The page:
UPDATE: Loren Herzog, Half Of ‘Speed Freak Killers,’ Found Dead
Don't Miss This
- Man Accused Of Stabbing Sacramento Woman To Death Arrested
- Old Sacramento’s Gold Rush Days Panned Because Of Drought
- Colusa Husband And Wife Arrested For Allegedly Kidnapping Teen Who Made Their Child Cry
- Dolls Lefts On Doorsteps Were Meant To Spread Cheer Not Chill
- 5 Women Who Have Been Killin’ It This Summer
Get Breaking News First
SACRAMENTO (CBS13) – One of the men known as the “Speed Freak Killers” who terrorized San Joaquin Valley in a rampage that spanned 15 years has died, according to the Department of Corrections.
Officials say Loren Herzog was found hanging in the trailer he was living in on the grounds of High Desert State Prison in Susanville early Tuesday morning. Herzog was released from prison in 2010 and was paroled to Susanville.
Department of Corrections says a low battery alarm on Herzog’s GPS monitoring anklet alerted parole officials, who asked prison staff to check on him and they found him dead just after midnight. His death is being investigated as a suicide.
Herzog, along with Wesley Shermantine, was originally convicted of numerous first-degree murder charges, including the 1998 rape and murder of Cyndi Vanderheiden. Her body has never been found.
Bounty hunter Leonard Padilla says he suspected Herzog would do something desperate, like plotting an escape from his parole site, because of new information that surfaced this past weekend that could have sent him back to prision.
“He’d go on death row,” Padilla told CBS13. “He’d be in the cell next to his partner.”
Padilla has followed the former “Speed Freak Killers” for more than a decade. Additional sources tell CBS13 that a few days ago, Shermantine provided new details and a map of a San Andreas property, leading to what he calls a “bone yard.”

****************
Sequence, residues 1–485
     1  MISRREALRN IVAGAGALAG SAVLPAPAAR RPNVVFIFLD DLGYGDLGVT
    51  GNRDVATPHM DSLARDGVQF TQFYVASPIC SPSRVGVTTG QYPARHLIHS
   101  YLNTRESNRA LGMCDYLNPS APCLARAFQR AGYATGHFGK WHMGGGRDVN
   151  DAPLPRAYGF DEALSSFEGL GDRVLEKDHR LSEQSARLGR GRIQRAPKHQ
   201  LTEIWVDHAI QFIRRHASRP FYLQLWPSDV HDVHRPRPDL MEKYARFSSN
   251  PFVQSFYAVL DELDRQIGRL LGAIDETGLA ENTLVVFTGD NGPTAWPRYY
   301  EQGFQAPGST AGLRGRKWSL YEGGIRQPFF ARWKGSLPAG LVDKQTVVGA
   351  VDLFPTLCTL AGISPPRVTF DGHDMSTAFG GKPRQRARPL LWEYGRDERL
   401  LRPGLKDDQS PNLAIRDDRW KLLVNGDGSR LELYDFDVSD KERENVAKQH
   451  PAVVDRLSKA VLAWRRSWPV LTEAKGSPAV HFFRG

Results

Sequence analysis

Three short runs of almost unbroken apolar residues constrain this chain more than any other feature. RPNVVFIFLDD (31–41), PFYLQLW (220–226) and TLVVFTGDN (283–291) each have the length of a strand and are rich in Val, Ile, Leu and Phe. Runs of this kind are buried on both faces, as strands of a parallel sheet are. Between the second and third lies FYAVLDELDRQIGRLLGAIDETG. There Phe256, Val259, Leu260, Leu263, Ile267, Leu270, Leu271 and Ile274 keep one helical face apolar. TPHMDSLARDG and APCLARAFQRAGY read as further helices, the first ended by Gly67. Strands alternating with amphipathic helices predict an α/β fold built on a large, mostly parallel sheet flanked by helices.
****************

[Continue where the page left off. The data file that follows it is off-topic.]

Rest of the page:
“They’ll find Chevy Wheeler’s body, they’ll find Cyndi Vanderheiden, they’ll find Joanne Hobson,” Padilla said, “and possibly a dozen other bodies.”
Assemblywoman Cathleen Galgianni, who represents the Central Valley where a number of suspected victims disappeared, says she spoke with desperate family members just Tuesday morning. She’s in the process of authorizing legislation to help with the search for the remains of their loved ones.
“They’ve been bleeding emotionally for 14 years now since this tragedy came up,” she said. “In Calaveras County they had started digging, and there are costs to that, there are costs to repairing and any changes made to it. And if there were to be an investigation going forward, it would be likely it would be cost-prohibitive for the county to bear alone.”
Vanderheiden’s father says he has to see Herzog’s body with his own eyes before he’ll believe his daughter’s killer is really gone. And he’s going to make the four-and-a-half hour drive from his home in Clements to the state prison in Susanville to get the proof he needs.
“I just want to make sure it’s him,” John Vanderheiden told CBS13. “I’ve felt eventually he was gonna die, didn’t know when or where, because what goes around comes around. This should’ve happened a long time ago. If he was in Texas on the death row … he already would’ve been dead.””
Herzog was originally sentenced to 78 years in prison on three first-degree murder convictions, but in 2004 a court ruled his confession was illegally coerced. He was then released from prison.
Shermantine remains on death row. According to witnesses, Shermantine bragged about killing 19 people.
Serial Killer Offers To Reveal Location Of Bodies
Just last month, Shermantine told police he could lead them to the remains of his victims, but he demanded thousands of dollars for the information.
Shermantine wrote a letter from death row saying he buried the remains of 16-year-old Stockton girl Chevy Wheeler on his parent’s property.
Shermantine further claimed in the letter that more than two dozen cold case murders could be solved if he reveals the location of a “bone yard” belonging to Herzog.
“Once Chevy is recovered, I expect my restitution to be paid, then I will take the next step in recovering Herzog’s bone yard,” Shermantine wrote in the letter.
Shermantine wanted a total of $33,000 for the information — $18,000 to pay off his victim’s restitution and another $15,000 to buy headstones for his parents and provide spending money in prison.